Have you ever felt deep down in your gut that you are supposed to say something hard to someone, and you aren’t sure how they are going to receive it? Maybe it’s a warning to a friend who is involved in some unhealthy habits. Maybe it’s a coworker that’s out of line. Or maybe it’s something you need to tell your spouse that is negatively impacting your marriage. It’s easier to remain silent and hope it passes over in time. But the hard thing is to confront the issue and say that hard thing that needs to be said. Maybe because of the risk, you don’t say anything at all. Usually, the problem for us lies in the fact that we do not want to disappoint someone, feel guilty, hurt someone, or have someone angry with us. If not received well, it could damage or worse, end the relationship.
If you want to be UNCOMMEN, there comes a point and time where you need to say something. While those words may be hard to take, if they are the right words they may help someone else out in a big way. There is a process for doing these things that I often suggest that is effective most of the time if done with a compassionate tone. Here are the pieces that need to be in there:
1. Affirm the Relationship: make a statement about valuing your relationship to the person.
Example: “Bill, you know that I care about you. You are a good friend to me, and I value who you are.”
2. Make a Self Statement: say something about your motives, intent or being transparent can go a long way.
Example: “One thing I’m realizing is that sometimes I have a hard time saying things to people because I’m not sure how they will be received.”
3. Say the Hard Thing: set the boundary, assert yourself, say no, make a request, tell the person something difficult
Example. “However, I feel like I need to tell you that I’m starting to get concerned about how much you’ve been drinking and I think others are starting to notice this pattern as well, and I don’t want it to impact your life negatively.”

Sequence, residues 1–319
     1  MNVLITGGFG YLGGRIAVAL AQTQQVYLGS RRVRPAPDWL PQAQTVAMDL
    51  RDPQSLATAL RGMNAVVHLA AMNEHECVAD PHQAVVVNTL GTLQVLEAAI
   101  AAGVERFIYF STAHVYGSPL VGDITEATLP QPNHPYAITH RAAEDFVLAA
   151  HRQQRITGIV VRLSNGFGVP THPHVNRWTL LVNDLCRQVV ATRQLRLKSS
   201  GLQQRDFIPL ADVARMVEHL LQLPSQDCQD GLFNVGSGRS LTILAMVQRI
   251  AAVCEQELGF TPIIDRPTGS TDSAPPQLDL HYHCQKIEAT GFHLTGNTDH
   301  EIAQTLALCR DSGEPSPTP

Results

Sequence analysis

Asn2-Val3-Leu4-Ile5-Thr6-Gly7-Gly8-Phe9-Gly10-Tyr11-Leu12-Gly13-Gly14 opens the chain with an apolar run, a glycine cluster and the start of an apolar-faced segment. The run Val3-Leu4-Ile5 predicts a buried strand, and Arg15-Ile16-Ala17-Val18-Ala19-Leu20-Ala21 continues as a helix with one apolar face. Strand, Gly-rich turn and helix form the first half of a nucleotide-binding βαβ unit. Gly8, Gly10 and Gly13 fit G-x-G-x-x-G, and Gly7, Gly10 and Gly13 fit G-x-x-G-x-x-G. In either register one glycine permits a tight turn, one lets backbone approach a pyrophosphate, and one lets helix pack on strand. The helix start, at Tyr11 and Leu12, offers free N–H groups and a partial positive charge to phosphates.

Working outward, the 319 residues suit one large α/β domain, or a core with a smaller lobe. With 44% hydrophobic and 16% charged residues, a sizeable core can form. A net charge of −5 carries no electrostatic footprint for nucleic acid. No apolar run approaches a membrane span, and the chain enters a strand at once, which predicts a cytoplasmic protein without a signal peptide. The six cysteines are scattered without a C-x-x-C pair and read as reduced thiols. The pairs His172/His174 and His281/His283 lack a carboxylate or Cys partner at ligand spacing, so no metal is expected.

4. Ask for Understanding: and Reaffirm The Relationship
Example: I’m saying this because I truly care about you, and I hope you can understand and trust that I care about you and want what’s best for you.”
A couple of things to keep in mind: anytime someone corrects our behavior, our natural first response is to be defensive. So, remember that same response when speaking hard things to others. The outcome isn’t guaranteed anytime we bring up something difficult, especially if it may reflect negatively on their character. But if you affirm the connection in conjunction with these other steps, it can be an excellent way to say something hard without hurting someone or being hurt yourself.
Bible Reference: It says in Proverbs 27:6 “Wounds from a friend can be trusted, but an enemy multiplies kisses.” Remember, sometimes saying a hard thing may feel like dealing a wound at first. But it might be the very thing a true friend can say to another to change their life for the better.
About the author: Sam Casey is the Managing Partner at Banyan Creative. He resides in Matthews, NC with his wife and two children.